CBI Presentation: Animal Health Marketing Strategies Presentation

Last Thursday evening I drove to Baltimore to present at the Center for Business Intelligence’s Premier Summit on Animal Health Marketing Strategies.  My job was to present case studies that might prove relevant for the audience of marketing decision-makers.  Thankfully, it was well received!

After creating over 125 animal health initiatives (yes, I’ve counted), at first it was a tough call to figure out which campaigns to highlight.  I decided to showcase 4 campaigns that are in different “lifestages” to demonstrate what can happen when a creative message backed by research and effective partnerships is created — and given time to mature in the marketplace.

The longest campaign,  “Pets Need Dental Care, Too!” — now in its 14th year, is sponsored by the American Veterinary Medical Association (AVMA), the American Veterinary Dental Society (AVDS) and Hill’s Pet Nutrition to educate veterinarians and the public about dental care for pets.  I am especially proud of the campaign for two reasons.  First, it established the dental category and is still going strong, and two, it was created and executed with an outstanding group of individuals.

The next campaign was “KNOW Heartworms” — an initiative to educate veterinarians and the public about feline heartworm disease or heartworm associated respiratory disease syndrome or (HARD).  Next came highlights of the CATalyst Council, to raise the stature of the cat.  The AVMA had just come out with some stark statistics about cats via its Pet Owner Survey and this was a good follow-up to the KNOW Heartworms campaign to educate about the cat.  Finally, I wrapped up with the Kansas City Animal Health Corridor, an initiative we were involved with early on and now have been re-engaged.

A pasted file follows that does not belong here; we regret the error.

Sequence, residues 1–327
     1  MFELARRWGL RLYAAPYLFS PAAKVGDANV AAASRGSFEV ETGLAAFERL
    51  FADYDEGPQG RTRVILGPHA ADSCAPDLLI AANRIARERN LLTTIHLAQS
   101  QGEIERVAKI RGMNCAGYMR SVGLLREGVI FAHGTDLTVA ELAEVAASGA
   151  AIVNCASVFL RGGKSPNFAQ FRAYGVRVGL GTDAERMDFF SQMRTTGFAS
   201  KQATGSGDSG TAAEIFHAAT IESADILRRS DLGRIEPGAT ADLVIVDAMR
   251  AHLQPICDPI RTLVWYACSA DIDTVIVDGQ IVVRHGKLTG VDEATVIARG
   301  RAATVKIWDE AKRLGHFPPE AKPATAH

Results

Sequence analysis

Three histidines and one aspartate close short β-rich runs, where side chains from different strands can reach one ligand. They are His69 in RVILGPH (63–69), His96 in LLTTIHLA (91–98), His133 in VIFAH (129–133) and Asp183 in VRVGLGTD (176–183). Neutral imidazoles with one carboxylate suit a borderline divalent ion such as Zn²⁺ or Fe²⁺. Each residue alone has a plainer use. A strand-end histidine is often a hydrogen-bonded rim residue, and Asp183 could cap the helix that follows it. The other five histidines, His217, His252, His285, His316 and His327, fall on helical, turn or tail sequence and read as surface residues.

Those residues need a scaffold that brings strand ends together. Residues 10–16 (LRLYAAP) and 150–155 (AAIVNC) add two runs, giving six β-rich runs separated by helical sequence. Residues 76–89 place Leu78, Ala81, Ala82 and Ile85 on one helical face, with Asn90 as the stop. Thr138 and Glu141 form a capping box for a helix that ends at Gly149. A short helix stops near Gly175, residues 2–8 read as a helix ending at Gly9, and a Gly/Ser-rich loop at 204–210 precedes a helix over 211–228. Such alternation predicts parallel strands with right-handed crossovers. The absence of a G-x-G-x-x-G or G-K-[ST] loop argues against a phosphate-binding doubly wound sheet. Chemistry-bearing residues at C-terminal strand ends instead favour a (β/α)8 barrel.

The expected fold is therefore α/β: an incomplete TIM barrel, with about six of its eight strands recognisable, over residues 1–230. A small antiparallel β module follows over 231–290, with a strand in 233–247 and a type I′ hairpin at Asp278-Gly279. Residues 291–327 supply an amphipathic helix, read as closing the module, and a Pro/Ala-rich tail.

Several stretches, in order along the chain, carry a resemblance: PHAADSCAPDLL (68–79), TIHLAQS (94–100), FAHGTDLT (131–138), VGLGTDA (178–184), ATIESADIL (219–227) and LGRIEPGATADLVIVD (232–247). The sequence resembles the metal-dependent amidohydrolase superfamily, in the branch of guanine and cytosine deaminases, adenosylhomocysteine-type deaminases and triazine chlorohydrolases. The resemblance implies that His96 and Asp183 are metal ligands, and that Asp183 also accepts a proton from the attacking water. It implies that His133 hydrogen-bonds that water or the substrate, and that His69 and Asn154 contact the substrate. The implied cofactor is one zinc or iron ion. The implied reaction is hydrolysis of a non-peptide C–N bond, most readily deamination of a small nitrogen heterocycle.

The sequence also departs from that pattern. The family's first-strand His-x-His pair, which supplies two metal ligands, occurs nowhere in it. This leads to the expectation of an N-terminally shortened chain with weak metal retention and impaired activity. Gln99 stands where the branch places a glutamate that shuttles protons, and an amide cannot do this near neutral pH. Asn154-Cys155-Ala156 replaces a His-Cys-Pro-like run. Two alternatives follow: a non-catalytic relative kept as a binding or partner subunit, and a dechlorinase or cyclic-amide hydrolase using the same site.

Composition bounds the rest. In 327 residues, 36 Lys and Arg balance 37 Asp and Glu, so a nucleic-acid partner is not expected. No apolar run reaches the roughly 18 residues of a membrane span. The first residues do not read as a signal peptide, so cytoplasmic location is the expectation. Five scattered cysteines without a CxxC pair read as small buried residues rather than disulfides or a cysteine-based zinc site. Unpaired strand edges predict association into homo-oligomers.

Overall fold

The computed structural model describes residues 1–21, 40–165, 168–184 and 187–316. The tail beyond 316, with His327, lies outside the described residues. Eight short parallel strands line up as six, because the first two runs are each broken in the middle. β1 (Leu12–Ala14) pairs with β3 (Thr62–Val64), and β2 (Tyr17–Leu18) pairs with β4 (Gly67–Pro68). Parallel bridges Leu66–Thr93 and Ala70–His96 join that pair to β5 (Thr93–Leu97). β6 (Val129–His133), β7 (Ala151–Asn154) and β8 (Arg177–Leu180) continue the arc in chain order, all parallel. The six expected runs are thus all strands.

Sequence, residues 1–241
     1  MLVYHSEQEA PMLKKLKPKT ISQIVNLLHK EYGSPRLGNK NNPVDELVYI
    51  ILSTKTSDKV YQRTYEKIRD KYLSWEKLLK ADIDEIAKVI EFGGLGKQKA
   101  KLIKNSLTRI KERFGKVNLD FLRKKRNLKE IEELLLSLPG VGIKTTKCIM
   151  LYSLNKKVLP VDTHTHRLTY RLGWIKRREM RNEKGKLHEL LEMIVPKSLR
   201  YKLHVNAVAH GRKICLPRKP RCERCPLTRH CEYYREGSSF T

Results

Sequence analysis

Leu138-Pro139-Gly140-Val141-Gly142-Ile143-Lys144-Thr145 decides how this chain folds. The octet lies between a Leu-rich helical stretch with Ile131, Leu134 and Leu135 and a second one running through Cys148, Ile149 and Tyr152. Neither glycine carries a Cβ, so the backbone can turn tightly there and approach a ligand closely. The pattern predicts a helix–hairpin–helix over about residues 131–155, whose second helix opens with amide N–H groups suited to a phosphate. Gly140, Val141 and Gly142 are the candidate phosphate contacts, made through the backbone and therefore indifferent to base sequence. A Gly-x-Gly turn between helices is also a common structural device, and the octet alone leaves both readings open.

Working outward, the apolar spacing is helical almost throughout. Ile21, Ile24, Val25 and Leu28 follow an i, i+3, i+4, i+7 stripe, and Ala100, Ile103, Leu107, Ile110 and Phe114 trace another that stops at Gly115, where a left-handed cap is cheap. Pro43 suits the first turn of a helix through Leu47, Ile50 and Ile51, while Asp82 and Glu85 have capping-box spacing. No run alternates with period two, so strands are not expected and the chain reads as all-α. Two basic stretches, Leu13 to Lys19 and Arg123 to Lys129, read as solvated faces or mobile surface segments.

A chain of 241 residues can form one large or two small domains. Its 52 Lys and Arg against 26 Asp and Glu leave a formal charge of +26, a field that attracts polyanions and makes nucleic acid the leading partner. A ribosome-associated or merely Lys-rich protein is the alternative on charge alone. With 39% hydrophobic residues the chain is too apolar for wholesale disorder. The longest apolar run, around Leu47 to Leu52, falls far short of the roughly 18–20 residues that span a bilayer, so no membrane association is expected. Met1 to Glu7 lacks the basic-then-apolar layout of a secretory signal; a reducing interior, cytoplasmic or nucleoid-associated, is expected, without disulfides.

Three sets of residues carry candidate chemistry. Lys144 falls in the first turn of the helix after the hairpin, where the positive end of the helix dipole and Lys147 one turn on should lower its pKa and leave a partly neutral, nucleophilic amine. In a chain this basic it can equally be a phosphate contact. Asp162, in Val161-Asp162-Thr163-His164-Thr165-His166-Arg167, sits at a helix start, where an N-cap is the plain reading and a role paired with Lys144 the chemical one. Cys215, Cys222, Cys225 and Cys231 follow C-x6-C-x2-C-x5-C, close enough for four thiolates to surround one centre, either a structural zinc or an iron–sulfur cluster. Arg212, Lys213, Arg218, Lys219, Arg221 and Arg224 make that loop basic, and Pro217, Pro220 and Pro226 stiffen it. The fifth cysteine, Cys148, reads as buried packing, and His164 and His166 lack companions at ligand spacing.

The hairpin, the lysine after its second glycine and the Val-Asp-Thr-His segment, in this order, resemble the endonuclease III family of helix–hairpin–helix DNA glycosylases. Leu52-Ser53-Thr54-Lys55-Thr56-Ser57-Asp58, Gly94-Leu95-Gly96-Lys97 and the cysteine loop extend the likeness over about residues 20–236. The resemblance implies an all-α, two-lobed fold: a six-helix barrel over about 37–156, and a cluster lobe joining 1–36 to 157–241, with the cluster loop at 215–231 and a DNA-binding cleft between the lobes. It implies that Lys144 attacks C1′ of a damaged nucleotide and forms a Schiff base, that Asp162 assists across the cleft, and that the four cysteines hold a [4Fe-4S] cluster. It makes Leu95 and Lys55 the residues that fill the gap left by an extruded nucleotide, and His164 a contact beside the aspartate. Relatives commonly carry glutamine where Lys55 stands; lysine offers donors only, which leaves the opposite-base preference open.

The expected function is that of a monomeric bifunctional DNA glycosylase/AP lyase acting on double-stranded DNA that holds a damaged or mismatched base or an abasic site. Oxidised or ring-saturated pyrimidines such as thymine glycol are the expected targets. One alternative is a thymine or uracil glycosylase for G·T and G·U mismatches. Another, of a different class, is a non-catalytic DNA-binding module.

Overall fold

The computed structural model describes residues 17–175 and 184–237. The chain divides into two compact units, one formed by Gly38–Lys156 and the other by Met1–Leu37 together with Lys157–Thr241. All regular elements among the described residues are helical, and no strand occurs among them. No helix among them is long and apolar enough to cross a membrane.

These campaigns were/are successful because of the partnerships, the collaborations, the science and industry support to bring solid information to veterinarians and the public. 

What’s next on the horizon?  Stay tuned or email me at lgerminder@germinder.com.

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KCADC Partners With Germinder

KC ANIMAL HEALTH CORRIDOR PARTNERS WITH GERMINDER & ASSOCIATES, INC.

ORLANDO, FL (Global Pet Expo — March 26, 2010) – The Kansas City Animal Health Corridor today announced it has entered into an agreement with Germinder & Associates, Inc. a leading pet/vet public relations firm with offices in New York and Kansas City, to provide media counsel on international, national and trade media relations. 

“Germinder & Associates is widely known as one of the best in the industry.  We are pleased to have this agreement as it will greatly enhance our interaction with the animal health trade media and reporters who cover animal health,” said Lynn Parman, vice president, Biosciences Development, Kansas City Area Development Council.

Germinder will be integrally involved in helping communicate project successes and unveiling plans for the 2010 Homecoming event, the five year anniversary of this premier event, and the 2010 Animal Health Investment Forum, the only one of its kind in the world.  

“I am pleased to not only continue our longstanding relationship with the KC Animal Health Corridor, but now contribute in a meaningful way to the conversation about all the great news about the Animal Health Corridor initiative,” said Lea-Ann Germinder, APR, Fellow PRSA, president of Germinder & Associates, Inc. 

Germinder & Associates has provided counsel to dozens of organizations and international trade groups such as Ornamental Fish International (OFI), created several initiatives in animal health including the CATalyst Council, the “Pets Need Dental Care, Too!” campaign and helped introduce hydroponically-grown aquatic plants to the U.S. pet industry.  The company is publisher of www.goodnewsforpets.com and other niche web sites.  For more information, please visit www.germinder.com.

About the Animal Health Corridor:
The KC Animal Health Corridor stretches from Manhattan, Kan., to Columbia and St. Joseph, Mo. The Corridor is home to more than 220 animal health companies, which represents the largest concentration in the world. Those companies account for one-third of both the $19 billion global animal health industry and the $5 billion U.S. market.